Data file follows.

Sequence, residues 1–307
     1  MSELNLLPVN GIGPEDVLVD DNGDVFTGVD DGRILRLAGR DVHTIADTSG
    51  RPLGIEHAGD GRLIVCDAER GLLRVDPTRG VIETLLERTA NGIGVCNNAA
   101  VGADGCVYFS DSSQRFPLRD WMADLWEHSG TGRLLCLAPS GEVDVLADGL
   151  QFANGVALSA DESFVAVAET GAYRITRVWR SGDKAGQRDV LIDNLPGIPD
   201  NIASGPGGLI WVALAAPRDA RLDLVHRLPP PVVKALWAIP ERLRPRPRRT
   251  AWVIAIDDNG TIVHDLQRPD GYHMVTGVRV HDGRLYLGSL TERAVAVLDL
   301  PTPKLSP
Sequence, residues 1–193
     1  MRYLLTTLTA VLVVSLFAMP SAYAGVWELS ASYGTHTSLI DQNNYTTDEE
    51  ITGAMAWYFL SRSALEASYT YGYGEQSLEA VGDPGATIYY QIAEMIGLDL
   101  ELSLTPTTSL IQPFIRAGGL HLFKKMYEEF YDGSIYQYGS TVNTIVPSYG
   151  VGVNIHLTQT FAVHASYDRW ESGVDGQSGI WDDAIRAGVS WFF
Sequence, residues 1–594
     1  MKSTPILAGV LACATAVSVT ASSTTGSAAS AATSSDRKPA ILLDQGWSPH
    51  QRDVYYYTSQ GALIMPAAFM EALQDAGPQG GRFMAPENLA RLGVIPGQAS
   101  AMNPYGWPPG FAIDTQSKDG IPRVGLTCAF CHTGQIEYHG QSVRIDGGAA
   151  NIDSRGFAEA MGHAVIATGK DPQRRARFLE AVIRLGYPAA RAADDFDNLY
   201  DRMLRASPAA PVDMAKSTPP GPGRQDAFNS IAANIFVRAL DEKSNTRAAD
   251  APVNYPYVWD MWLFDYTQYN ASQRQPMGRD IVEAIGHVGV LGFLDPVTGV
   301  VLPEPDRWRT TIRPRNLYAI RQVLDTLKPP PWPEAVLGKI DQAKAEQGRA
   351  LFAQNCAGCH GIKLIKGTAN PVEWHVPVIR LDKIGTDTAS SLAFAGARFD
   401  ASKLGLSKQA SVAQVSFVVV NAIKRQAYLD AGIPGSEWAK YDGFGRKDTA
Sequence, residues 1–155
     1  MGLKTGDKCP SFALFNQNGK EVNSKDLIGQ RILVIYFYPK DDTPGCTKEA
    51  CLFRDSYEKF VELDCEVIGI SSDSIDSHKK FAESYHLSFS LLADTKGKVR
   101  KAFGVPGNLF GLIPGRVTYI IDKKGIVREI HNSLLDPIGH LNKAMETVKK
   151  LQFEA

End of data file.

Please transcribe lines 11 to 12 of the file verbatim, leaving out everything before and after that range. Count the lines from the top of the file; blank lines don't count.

    51  ITGAMAWYFL SRSALEASYT YGYGEQSLEA VGDPGATIYY QIAEMIGLDL
   101  ELSLTPTTSL IQPFIRAGGL HLFKKMYEEF YDGSIYQYGS TVNTIVPSYG